The physiology of itching is still poorly understood. It is likely that certain chemical (e.g. insect bite) or physical (e.g. wool fibres) stimuli activate itch receptors that cause the brain to interpret the sensation as an itch. One of my personal theories is that the pressure of tense pinpoint pompholyx blisters onto the itch receptors also aggravates the itch. The inevitable scratching makes the skin sore and over-sensitive. Use of steroid creams and ointments leaves skin very dry and even more sensitive. Once the blistering has exhausted itself, the skin often starts to peel off. In my case, this occurred in the areas where the blisters had previously appeared.

Flakyhand
Peeling fingers and palm

At the peeling stage, loss of the tough epidermal layer that normally protects hands from wear and tear leaves the skin particularly fragile and vulnerable. When this first happened to me, I became acutely aware of how I used to take the skin on my palms for granted. Without this layer, I was unable to handle paper without causing my fingertips to bleed from the friction, and all sensations (heat, cold, touch) were magnified and distorted.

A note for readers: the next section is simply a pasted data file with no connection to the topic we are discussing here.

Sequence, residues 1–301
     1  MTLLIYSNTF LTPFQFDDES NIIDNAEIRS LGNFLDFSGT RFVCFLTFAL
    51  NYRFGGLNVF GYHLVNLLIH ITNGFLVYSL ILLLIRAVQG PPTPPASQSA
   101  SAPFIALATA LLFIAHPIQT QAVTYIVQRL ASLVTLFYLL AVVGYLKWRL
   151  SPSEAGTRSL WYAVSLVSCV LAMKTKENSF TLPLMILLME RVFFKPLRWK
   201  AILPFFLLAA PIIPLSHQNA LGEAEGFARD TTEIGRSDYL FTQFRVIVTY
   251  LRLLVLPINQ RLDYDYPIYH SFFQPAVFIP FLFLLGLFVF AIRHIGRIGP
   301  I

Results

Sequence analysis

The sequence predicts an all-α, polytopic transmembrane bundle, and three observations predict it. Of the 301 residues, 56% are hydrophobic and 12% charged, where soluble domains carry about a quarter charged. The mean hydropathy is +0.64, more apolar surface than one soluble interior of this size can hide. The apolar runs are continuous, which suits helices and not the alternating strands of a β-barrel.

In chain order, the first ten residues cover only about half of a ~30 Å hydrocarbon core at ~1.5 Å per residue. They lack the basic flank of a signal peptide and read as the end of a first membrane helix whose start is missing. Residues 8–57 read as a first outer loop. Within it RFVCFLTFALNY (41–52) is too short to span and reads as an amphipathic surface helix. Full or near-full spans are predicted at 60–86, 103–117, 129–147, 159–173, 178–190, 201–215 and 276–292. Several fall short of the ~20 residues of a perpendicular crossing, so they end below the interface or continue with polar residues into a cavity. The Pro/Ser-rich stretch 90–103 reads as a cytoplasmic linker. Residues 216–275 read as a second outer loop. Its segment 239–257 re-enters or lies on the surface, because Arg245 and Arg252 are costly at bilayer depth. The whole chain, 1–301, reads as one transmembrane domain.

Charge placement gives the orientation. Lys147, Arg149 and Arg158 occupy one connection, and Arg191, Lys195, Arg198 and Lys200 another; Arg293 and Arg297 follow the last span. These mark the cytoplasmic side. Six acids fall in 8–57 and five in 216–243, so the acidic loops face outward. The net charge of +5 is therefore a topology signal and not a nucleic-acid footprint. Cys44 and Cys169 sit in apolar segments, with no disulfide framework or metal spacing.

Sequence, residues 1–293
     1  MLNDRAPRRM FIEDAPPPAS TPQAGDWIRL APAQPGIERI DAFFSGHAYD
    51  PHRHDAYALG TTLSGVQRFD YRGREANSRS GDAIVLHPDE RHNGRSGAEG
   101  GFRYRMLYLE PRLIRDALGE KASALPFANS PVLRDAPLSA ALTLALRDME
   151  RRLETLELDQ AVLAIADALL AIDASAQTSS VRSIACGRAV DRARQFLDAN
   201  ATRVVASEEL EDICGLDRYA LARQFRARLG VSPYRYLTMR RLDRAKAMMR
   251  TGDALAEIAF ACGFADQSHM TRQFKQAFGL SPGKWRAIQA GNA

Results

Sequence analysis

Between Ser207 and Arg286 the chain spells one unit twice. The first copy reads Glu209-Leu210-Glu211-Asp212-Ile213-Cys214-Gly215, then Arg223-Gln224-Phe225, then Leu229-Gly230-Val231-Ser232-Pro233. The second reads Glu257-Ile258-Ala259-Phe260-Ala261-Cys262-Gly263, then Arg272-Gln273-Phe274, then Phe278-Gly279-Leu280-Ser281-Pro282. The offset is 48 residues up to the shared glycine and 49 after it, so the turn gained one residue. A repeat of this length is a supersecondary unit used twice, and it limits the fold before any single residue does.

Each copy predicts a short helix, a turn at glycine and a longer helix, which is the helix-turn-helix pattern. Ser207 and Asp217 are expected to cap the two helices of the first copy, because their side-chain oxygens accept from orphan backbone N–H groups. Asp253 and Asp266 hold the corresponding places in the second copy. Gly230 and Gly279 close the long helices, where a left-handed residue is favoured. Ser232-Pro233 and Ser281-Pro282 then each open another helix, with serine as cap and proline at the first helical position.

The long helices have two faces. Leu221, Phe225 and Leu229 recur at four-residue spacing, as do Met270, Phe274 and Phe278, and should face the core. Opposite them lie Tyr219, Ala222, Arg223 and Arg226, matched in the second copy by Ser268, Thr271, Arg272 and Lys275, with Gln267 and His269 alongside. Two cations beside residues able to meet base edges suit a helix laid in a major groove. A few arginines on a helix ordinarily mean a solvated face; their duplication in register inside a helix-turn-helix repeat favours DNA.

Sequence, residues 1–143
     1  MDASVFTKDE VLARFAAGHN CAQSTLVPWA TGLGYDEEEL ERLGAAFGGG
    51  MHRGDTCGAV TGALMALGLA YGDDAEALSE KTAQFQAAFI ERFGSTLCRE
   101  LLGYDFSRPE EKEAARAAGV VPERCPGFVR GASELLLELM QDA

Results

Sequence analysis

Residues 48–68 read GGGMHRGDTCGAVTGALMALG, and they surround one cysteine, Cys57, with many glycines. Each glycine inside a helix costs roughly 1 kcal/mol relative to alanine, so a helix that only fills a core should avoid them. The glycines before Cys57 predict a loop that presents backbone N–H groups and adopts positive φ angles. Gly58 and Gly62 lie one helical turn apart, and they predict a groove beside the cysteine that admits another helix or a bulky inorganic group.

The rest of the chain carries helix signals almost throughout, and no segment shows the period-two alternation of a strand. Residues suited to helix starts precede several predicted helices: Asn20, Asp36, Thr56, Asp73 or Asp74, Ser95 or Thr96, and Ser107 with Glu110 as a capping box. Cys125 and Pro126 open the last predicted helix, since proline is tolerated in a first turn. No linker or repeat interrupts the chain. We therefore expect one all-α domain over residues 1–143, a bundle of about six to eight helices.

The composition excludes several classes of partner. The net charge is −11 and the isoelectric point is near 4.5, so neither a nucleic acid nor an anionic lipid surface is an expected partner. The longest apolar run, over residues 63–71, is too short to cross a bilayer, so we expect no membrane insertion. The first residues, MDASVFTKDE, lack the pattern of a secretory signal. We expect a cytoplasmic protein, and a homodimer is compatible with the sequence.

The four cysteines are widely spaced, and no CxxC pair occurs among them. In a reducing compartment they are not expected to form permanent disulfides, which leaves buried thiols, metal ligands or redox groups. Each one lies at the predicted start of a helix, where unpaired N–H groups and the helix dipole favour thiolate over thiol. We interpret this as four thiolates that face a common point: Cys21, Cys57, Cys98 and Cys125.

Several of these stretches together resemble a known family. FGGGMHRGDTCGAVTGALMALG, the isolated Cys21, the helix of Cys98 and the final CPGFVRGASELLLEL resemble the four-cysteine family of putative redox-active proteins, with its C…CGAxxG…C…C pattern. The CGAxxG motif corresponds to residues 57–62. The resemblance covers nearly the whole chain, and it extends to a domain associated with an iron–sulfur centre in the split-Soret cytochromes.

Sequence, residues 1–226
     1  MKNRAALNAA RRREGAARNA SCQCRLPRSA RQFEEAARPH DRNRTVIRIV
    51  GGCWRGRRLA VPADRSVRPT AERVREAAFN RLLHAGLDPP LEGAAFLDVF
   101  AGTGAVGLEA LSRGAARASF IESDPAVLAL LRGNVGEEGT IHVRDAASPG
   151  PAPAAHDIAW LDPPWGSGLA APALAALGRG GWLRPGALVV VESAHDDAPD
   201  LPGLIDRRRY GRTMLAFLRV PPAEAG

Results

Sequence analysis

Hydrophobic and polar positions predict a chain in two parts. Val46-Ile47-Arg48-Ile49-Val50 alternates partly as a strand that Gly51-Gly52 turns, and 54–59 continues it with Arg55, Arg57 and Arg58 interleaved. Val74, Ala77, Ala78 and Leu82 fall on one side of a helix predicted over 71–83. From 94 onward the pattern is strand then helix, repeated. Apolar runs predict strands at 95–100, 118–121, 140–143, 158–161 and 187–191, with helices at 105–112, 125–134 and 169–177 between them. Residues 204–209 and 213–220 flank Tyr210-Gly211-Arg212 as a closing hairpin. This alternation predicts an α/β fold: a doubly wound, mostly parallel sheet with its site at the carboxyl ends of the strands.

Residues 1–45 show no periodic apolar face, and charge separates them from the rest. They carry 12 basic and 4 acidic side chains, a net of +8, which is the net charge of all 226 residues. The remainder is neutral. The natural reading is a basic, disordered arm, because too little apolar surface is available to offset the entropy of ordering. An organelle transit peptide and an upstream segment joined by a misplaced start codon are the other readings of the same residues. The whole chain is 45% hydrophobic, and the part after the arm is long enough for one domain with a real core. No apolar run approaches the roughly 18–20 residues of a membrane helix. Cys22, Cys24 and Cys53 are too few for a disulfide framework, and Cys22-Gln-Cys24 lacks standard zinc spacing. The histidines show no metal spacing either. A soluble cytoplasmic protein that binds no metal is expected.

The epidermis also forms a barrier against micro-organisms. The bacterium Staphylococcus aureus commonly colonises the skin of people with eczema. This bacterial colonisation aggravates eczema. I have had some protracted episodes of skin flaking and erosion as a result. As you can infer from the close-up of my thumb, this state makes normal life impossible. Even the cotton gloves I have come to rely on would get caught up in the rough (and surprisingly sharp) edges of peeling skin.

Photo of infected and flaky thumb